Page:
2002, 309 p.
Somehow or other, the deluge of books about women going off to France seems to have rushed past me. I hadn’t particularly been drawn to dip my toes into the flow, but this book was chosen by my bookgroup and so I read it, some sixteen years after it was published.
At the time of writing it, Sarah Turnbull was an expatriate freelance journalist living in Paris. Most of her journalistic work was published in magazines (similar to the Weekend Magazine that comes with the Age), and the lightness of her touch and self-deprecation makes this an easy and very pleasant read. Food, fashion, the joys (or not) of pet ownership are topics that she addresses in the book, and could easily be lifted for lifestyle magazine consumption.
She only intended going to Paris for a week, having met Frederic in Budapest, and accepting his offer of a week in Paris on a whim. She ended up staying eight years. In this time she came to realize the truth of the words of an elderly man she had met on the Greek island of Samos on her travels. After migrating to Australia, he had returned to Greece but felt it “a bitter-sweet thing, knowing two cultures”.
She has to learn the language, and she feels excluded by her limited French and frustrated by her inability to assert herself. But more than words, she has to learn the French purpose of language in a social setting as a game, to show one’s quickness and wit. She struggles with the coldness of other French women until she recognizes it as a manifestation of competition. She mocks Frederic’s horror at her donning tracky-daks to go down to the nearby bakery, but finds herself equally affronted by the tackiness of English dress-sense when they go over to England for a weekend.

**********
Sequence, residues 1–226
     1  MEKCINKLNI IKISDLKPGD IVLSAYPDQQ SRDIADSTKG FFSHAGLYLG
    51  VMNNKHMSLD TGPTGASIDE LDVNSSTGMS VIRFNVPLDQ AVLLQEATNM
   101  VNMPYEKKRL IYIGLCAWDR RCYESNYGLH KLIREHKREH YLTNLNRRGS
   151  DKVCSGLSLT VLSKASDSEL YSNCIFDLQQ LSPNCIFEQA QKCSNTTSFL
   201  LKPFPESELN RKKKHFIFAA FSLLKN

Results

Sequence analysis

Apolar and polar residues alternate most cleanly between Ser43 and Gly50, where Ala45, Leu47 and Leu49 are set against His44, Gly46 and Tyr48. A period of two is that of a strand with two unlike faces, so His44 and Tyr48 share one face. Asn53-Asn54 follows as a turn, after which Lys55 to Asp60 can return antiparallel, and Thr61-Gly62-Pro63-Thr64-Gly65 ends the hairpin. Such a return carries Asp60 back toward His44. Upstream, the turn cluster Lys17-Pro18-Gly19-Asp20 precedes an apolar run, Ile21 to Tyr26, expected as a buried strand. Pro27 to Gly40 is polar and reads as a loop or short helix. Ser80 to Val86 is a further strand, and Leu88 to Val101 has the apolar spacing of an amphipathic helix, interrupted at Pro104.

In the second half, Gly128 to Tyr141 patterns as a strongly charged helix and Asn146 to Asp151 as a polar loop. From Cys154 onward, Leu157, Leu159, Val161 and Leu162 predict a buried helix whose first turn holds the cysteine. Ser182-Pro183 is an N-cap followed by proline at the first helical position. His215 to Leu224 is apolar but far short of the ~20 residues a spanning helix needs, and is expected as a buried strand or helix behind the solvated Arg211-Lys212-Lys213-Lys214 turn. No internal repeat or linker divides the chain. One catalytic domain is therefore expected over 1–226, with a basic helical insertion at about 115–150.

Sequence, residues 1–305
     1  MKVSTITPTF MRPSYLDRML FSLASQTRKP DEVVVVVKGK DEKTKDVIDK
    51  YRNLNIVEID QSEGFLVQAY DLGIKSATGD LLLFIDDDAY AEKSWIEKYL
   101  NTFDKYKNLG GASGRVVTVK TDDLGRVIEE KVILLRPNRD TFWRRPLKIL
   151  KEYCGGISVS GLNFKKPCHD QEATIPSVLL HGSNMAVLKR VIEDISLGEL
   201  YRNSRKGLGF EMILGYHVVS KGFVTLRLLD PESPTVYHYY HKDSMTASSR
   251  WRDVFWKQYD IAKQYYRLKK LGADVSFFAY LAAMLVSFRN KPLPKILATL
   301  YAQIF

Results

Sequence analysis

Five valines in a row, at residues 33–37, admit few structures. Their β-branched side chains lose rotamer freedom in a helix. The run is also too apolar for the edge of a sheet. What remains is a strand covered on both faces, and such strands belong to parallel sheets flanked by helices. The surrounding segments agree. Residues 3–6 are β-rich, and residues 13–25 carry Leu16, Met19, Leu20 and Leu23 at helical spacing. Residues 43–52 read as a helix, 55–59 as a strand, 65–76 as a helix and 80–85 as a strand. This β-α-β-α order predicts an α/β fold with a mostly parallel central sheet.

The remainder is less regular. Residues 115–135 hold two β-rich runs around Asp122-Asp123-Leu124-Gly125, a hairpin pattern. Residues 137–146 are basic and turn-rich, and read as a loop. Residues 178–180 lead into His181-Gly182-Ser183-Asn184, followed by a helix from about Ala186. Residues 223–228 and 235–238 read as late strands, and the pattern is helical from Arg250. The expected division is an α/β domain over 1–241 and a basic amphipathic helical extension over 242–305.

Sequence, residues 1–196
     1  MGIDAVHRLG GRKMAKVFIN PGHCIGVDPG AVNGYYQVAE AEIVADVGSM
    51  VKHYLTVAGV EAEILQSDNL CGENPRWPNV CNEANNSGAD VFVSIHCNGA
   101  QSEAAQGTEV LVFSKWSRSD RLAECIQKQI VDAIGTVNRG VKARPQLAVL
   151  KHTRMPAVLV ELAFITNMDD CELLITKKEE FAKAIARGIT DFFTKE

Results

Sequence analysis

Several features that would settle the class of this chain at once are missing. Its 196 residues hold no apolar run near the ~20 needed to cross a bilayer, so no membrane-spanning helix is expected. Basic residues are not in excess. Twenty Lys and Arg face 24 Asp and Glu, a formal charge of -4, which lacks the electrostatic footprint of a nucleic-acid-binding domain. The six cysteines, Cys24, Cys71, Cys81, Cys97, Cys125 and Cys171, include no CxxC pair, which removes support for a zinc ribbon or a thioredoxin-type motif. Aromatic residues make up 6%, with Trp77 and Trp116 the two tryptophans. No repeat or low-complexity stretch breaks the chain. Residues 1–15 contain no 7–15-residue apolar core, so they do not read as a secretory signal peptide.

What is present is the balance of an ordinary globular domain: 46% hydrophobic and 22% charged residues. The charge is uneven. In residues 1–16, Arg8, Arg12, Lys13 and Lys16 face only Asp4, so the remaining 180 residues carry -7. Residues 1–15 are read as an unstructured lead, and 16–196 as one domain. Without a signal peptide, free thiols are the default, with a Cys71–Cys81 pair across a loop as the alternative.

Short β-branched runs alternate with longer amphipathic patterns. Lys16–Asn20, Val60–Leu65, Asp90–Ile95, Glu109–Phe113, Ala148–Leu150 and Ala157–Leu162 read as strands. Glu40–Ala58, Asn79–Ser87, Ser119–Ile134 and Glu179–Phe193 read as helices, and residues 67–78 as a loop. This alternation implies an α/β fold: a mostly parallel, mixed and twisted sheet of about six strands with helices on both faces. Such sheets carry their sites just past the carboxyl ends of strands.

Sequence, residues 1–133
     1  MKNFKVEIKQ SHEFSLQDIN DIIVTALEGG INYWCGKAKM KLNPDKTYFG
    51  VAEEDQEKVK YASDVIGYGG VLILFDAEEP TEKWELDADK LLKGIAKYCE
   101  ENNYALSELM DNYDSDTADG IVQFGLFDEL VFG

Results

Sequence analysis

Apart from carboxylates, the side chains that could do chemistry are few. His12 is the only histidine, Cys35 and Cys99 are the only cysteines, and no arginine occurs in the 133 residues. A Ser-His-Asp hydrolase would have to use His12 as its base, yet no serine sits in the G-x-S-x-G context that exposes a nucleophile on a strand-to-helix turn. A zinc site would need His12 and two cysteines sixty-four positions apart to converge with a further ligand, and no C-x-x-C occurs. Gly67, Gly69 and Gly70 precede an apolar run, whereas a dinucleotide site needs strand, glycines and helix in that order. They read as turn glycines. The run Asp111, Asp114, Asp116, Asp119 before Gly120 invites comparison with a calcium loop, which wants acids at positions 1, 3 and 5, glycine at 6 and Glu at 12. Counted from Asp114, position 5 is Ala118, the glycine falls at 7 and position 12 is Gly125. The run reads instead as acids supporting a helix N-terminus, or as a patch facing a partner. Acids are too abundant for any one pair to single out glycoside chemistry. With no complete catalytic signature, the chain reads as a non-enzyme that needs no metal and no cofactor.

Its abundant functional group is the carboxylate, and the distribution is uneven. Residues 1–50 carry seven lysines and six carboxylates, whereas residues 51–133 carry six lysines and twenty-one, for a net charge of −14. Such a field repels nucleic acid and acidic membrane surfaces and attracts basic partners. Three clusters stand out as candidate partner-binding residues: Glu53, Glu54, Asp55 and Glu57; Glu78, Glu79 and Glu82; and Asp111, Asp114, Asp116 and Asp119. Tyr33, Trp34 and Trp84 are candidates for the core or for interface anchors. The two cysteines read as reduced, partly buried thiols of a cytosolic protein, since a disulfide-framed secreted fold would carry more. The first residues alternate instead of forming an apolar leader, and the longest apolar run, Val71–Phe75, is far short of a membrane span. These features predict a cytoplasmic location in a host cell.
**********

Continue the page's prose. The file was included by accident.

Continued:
This book is laugh-out-loud funny in places, for example where Frederic quickly ties his jumper around his waist and affects a dodgy French accent when pretending to be an Australian tourist when they are challenged for trespassing. There are moments of poignancy too, like when she needs to don sunglasses in the plane when leaving Australia, looking at the Qantas advertisement and seeing the landscape curving away from her from her plane window.
This is really just a series of anecdotes, with no great plot shifts or crises. She is insightful in identifying the nuance and yet solidity of cultural difference. It is something that we can and should all be reminded of, going in the different direction, by people who are adjusting to Australia. It’s a light, enjoyable read- and yes, it made me wonder if perhaps I could go to France next year after all…..
My rating: 8/10
Sourced from: CAE bookgroups.
I have put this title onto the Australian Women Writers Challenge database.
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